A few big Queenfish where turning up along the rock walls of Pera Heads, Thud Point & Boyd Bay. These 80 cm to a metre long Queenfish where eager to eat both flies & lures. However my favorite way of catching them has got to be spinning with poppers.
    Out on the pylons Brassy Trevally numbers increased fish to 8kg pulled hard and anglers had to work overtime keeping them out of the pylons.

    A Croc that grabbed a lure, we decided to bring it aboard for a few quick photos.

    Put the boat in at Glough’s Landing on the Wenlock River.

    We managed to catch a few muddies in the Wenlock.

    XOS Gold Spot.

    Walter caught this highflying Queenfish in Boyd’s Bay.

    Good friend Glen with a Catfish he was trying to let go before I got the camera out, “Got Ya”

    Craig Jenkins,
    Strikezone Fly & Sportsfishing

  3. #12
    craig jenkins (Strikezone) Guest

    Default Weipa Fishing Report August

    Weipa Fishing Report
    August 2006.

    Like July the off shore fishing was the hi-light of the month. Long Tails & Mack Tuna schools where smashing into bait schools down around Pera heads. Manta Rays where still out and about with Cobia up to 15 kg’s found under most Rays.


    Southeasterly winds were 15 to 20 knots for most of the month, with a temperature of 18 to 32c.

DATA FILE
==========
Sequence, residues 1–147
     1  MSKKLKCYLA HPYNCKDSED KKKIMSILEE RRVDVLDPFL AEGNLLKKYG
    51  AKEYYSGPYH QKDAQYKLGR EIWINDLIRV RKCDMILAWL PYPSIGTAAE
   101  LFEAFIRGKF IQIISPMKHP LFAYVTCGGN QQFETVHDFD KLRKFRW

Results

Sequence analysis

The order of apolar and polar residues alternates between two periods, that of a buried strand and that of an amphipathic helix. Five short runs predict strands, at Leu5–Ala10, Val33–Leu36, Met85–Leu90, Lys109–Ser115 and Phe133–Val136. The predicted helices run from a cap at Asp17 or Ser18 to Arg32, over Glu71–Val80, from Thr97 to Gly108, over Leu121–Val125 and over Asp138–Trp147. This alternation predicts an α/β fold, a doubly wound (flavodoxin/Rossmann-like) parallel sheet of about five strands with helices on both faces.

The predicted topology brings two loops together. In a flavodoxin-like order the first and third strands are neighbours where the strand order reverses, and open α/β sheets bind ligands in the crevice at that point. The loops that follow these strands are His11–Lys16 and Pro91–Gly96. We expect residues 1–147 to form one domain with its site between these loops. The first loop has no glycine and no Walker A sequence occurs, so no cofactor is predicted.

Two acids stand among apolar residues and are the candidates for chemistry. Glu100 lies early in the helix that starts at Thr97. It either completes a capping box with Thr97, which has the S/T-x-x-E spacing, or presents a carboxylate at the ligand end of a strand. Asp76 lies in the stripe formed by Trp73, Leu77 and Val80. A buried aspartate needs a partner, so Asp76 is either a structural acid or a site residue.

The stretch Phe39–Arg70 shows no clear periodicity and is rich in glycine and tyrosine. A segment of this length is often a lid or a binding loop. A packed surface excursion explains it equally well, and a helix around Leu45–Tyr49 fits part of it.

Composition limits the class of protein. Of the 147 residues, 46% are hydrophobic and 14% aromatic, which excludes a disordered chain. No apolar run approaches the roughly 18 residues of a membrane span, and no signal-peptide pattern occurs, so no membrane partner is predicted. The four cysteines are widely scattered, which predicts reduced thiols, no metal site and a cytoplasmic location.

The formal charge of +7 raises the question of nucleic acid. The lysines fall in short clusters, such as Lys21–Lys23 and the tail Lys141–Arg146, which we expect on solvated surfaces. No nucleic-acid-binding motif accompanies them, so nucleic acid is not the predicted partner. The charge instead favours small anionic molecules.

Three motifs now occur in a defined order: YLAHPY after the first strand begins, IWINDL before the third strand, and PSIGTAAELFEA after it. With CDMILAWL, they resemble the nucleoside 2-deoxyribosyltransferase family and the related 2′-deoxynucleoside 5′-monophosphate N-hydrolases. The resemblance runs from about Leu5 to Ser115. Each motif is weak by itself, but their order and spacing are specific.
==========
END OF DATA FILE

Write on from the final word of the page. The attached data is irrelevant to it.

Rivers; River fishing was a little quiet this month. The best Barramundi fishing was at the bottom of the run-out tides looking for fish on the shallow flats and gutter mouths. Finding warm water was the key for successful fishing.

    Beaches; Fishing the rocky headlands on the early morning high tides produced some good size Barra. Shallow diving lures or floating fly lines where best in between the oyster rocks, once the fish is hooked it’s rods up high and do what ever it takes to keep them from cutting your line on the razor sharp oysters.

    Bluewater; Casting poppers to boomies and reef drop-off’s accounted for many big Queenfish, with a few poppers donated to huge GT’s that we couldn’t stop, even on heavy spin tackle. Reef Jack’s where also caught on poppers and bigger swimming lures most 4kg plus. Although they would hit the poppers as readily as the swimming lures, a Jack hitting a popper on the surface would give the angler a much-needed advantage.

    Spotted a few Manta Rays out on the reefs, I always keep a lookout for Manta’s while I am traveling down the coast, they are often followed by Trevally or Cobia. Some of the biggest Cobia’s caught where up to 15kgs.
    The harbor pylons still producing good numbers of Trevally, Giant, Brassy, Golden and Tealeaf.
    The smaller Tealeaf where the most dominate, compared to the other species of Trevally the Tealeaf are small in size, but not in fight.
    Most fish are between 2 to 4 kg. Fish are hooked just off the bottom close to the pylons, as they are brought to the surface the hooked fish are followed by other school members right up to the side of the boat keep the hooked fish in the water and the school will stay up on the surface. Dropping a lure or fly in front of any of these fish for an instant hook-up.